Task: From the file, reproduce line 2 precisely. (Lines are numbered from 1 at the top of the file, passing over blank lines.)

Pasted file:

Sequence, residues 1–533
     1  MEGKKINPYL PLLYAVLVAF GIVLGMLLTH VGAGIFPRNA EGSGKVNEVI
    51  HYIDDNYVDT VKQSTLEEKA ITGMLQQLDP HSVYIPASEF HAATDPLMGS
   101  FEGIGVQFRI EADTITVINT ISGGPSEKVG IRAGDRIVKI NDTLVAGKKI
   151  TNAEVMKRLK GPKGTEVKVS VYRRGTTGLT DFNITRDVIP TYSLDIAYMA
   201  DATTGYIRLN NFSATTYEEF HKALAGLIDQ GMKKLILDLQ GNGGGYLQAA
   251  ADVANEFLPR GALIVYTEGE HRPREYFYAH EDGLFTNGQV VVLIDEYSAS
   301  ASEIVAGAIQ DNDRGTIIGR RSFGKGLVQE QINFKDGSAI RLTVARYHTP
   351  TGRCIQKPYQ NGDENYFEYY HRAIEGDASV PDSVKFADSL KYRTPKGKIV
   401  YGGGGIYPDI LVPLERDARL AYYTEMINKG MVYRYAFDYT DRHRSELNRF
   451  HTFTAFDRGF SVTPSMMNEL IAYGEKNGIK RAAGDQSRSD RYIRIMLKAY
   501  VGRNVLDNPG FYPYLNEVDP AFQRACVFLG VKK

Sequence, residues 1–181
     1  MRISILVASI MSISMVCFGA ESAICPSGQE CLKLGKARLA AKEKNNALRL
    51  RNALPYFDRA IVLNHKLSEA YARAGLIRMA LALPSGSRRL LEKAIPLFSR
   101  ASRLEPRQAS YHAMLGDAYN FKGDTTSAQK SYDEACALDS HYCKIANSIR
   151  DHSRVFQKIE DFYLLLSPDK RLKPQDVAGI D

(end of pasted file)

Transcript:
     1  MEGKKINPYL PLLYAVLVAF GIVLGMLLTH VGAGIFPRNA EGSGKVNEVI